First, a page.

‘All things work for good’ for teen who fought cancer
By Julie Filby
Peter Srsich lay sick in bed at Children’s Hospital in Aurora. The teenager’s pain was so intense he’d begun to lose hope. After weeks of chemotherapy for non-Hodgkin’s lymphoma, he was sinking into a depression.
Since entering the hospital, he had welcomed a friend and classmate from Denver’s Mullen High School who brought him the Eucharist. However, this day was different. Srsich had lost interest.
“I was totally wiped out, I didn’t care anymore, I had actually lost my faith at that point,” Srsich said. “I just didn’t even want to see him right there, especially with the Eucharist.”
When his friend lifted the host and said “Body of Christ,” everything changed.
“I could actually feel Jesus in the room,” he said. “It was like he was actually sitting in the room with me, and I could see that he cared about me, and that he was with me.”
Instantly his hope and faith returned. Within 24 hours, the painful sores that covered his mouth and digestive system cleared up and he was able to go home. It was this, and other blessings that helped Srsich get through seven rounds of chemo and 20 days of radiation.
Diagnosis and support
The Mullen junior was wrapping up the school year in May 2011 when he developed a cough. Not thinking much of it, the 6-foot-6-inch, 200-pound honor student, lacrosse player, Eagle Scout and Taekwondo black belt went ahead with a two-week canoe trip.
Later, after being diagnosed with bronchitis, he continued his routine and attended a lacrosse camp.
“I was still coughing,” he recalled. “I felt exhausted. I started having trouble with day-to-day things.”
A different doctor suspected pneumonia and sent him for a chest X-ray. The X-ray didn’t show pneumonia; instead it revealed a softball-sized tumor in his chest.
“That turned my world upside down,” the now 18-year-old said.
The tumor was so large it was compressing his lungs and aorta. Srsich was rushed to the emergency room for test after test to determine the cause of the tumor. Due to its size and location, it took a week to diagnose: diffuse large B-cell lymphoma, a type of blood cancer.
Because the cancer had come on so aggressively, it had to be treated aggressively.
Family and friends surrounded Srsich with support, including wearing silicon wristbands in lime green, the color designated for lymphoma awareness. One side was printed “Praying for Peter;” the other “Romans 8:28,” his longtime favorite Bible verse: “We know that all things work for good for those who love God, who are called according to his purpose.”
“We ordered 600 bracelets,” said his mother Laura Srsich, “then another 600.
“It was very interesting how Romans 8:28 would pop up in readings or devotionals when he really needed it.”
The outpouring of prayer support was far-reaching, including then-Denver Archbishop Charles J. Chaput, O.F.M. Cap., Auxiliary Bishop James D. Conley, NFL star Tim Tebow, and clergy and laity all over the world.
“(The wristbands) were huge in his life because of the power of prayer,” said his mother who choked up several times recalling the ordeal. “Peter’s doctors said he did so much better than expected … that kid’s amazing!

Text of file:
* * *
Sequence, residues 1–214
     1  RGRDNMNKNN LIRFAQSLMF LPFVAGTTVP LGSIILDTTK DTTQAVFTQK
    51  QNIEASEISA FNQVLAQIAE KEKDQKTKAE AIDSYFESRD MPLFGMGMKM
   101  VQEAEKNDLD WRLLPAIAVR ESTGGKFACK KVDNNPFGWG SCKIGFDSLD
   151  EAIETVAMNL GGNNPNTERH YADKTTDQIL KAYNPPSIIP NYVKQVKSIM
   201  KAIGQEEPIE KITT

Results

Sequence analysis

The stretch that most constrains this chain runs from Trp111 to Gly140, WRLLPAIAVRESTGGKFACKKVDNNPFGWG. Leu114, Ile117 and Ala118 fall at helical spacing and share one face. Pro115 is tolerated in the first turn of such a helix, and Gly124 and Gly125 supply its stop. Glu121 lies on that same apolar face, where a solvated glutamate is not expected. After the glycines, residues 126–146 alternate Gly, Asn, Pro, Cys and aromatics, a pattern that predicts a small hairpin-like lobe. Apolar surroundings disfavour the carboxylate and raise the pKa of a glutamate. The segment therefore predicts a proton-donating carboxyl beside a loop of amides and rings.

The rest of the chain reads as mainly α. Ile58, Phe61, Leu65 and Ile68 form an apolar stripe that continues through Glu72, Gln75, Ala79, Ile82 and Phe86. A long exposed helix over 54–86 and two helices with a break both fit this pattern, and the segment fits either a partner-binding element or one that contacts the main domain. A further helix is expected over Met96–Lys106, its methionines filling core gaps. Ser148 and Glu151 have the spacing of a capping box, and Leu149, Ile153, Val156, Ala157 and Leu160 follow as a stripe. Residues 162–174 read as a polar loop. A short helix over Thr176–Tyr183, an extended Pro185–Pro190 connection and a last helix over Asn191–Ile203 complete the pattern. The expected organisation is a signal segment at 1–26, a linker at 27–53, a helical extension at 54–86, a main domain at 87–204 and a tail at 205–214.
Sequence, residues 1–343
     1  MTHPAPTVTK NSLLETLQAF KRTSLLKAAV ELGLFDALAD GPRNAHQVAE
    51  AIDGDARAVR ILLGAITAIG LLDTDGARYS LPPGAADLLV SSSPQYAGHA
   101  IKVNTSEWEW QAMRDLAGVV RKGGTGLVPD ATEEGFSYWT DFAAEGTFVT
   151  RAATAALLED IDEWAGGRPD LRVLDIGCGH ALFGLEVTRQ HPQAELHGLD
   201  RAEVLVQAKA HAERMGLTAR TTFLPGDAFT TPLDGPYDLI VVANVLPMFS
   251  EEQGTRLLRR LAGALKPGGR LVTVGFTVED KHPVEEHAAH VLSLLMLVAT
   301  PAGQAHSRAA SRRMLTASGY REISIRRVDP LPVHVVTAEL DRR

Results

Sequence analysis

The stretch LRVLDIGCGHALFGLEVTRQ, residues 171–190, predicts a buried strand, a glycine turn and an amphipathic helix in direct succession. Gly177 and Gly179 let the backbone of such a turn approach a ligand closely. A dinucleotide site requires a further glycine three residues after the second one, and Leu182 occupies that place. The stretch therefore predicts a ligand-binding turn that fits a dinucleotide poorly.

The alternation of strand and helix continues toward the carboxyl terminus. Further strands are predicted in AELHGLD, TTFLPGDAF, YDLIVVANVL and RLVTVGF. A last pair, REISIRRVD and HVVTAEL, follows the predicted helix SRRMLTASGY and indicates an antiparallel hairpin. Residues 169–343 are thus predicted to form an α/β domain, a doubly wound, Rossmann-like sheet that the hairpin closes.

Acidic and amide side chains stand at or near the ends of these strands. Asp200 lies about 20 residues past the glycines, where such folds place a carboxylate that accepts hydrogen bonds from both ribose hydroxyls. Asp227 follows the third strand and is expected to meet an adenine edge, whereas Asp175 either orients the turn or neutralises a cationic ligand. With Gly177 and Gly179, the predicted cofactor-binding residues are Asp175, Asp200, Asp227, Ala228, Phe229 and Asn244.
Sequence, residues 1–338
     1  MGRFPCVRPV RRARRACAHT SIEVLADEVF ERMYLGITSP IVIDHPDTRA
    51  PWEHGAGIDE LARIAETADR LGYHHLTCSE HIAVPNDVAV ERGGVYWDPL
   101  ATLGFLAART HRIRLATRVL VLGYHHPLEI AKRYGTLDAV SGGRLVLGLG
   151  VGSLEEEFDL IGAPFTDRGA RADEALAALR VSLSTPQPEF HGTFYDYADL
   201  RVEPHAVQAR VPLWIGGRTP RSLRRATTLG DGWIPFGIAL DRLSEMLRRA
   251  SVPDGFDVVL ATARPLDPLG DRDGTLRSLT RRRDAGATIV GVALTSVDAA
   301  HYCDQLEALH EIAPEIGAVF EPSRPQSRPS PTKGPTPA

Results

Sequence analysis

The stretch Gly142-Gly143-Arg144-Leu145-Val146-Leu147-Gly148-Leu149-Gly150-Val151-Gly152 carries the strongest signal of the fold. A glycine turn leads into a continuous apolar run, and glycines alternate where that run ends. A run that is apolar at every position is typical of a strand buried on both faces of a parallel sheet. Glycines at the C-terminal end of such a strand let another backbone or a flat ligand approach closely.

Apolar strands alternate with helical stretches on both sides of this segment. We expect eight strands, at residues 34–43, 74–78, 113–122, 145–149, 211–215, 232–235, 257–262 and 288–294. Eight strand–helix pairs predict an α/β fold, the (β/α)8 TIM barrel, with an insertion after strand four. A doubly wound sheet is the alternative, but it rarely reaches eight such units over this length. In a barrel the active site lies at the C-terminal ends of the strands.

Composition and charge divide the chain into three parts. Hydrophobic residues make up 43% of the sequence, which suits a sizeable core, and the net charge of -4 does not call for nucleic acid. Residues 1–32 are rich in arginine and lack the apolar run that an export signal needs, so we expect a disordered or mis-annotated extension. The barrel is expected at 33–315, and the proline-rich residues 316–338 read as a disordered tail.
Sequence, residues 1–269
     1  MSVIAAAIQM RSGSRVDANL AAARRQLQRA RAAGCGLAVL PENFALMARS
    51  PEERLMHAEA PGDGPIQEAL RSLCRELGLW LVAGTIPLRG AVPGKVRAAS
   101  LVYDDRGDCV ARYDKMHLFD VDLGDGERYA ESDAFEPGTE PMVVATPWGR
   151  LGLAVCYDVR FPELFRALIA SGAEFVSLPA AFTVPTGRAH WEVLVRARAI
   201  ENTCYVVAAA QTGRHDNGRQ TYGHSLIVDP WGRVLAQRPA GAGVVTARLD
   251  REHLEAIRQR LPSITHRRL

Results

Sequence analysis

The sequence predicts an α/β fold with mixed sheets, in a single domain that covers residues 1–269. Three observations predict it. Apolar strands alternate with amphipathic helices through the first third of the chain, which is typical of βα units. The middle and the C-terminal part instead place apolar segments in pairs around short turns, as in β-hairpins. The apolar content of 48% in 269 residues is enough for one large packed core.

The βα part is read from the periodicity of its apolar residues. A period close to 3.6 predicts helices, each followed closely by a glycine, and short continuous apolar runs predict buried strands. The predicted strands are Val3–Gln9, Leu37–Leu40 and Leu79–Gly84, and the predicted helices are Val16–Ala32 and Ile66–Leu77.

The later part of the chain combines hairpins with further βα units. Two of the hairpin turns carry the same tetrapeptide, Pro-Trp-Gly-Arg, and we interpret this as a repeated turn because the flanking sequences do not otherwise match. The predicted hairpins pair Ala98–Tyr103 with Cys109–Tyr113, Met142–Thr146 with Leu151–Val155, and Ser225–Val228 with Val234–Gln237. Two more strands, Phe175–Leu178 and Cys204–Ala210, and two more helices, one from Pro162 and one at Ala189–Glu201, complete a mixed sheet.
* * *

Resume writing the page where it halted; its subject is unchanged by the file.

“I am so proud of how he dealt with all of this with grace and humility.”
A wish comes true
From July through November 2011, Srsich spent 65 nights in the hospital. During that time, he was referred to the Make-A-Wish Foundation. Through the foundation, children from 2 to 17 with a life-threatening medical condition are granted a “wish.”
“It was a great way to take my mind off the stress … thinking about what I was going to wish for,” he said. “The chemo helped me fight the cancer, and Make-A-Wish helped me fight the chemo.”
During his wish interview, Srsich shared his dream of becoming a priest. To provide courage and inspiration for his future, he couldn’t think of a better wish than being blessed by Pope Benedict XVI.
That was a new one for the Colorado foundation.
“They’d never heard that wish before,” said Laura Srsich. “(But they said) ‘we’ll do it; we’ll figure it out.’’’
Five days after Srsich graduated from Mullen in May, a stretch limo arrived to drive his family—mother Laura, father Tom, and younger brother Johnny—to the airport to board a plane for Rome.
The morning of May 30, they were seated upfront for the pope’s general audience at St. Peter’s Square.
“There was so much energy,” said Laura Srsich of the environment.
Following the address, Srsich took his place in line for a private conversation with the pontiff. While waiting, he noticed others in line had exquisite gifts to present to the pope.
“I was like the Little Drummer Boy with my 30-cent wristband,” he said with a laugh.
When he reached Pope Benedict, he kissed his ring and offered him the wristband explaining why people were “Praying for Peter” and how Romans 8:28 had strengthened him while battling cancer.
The pope put his hand on Srsich’s chest to bless him. It was the exact location where the tumor had been.
“I hadn’t mentioned where the tumor was,” Srsich shared.
Scans for cancer in October came back clean and Srsich will continue to be checked regularly. In August, he started his freshman year at Denver’s Regis University, where he is majoring in philosophy and theology. In two years he hopes to enter St. John Vianney Theological Seminary for priestly formation.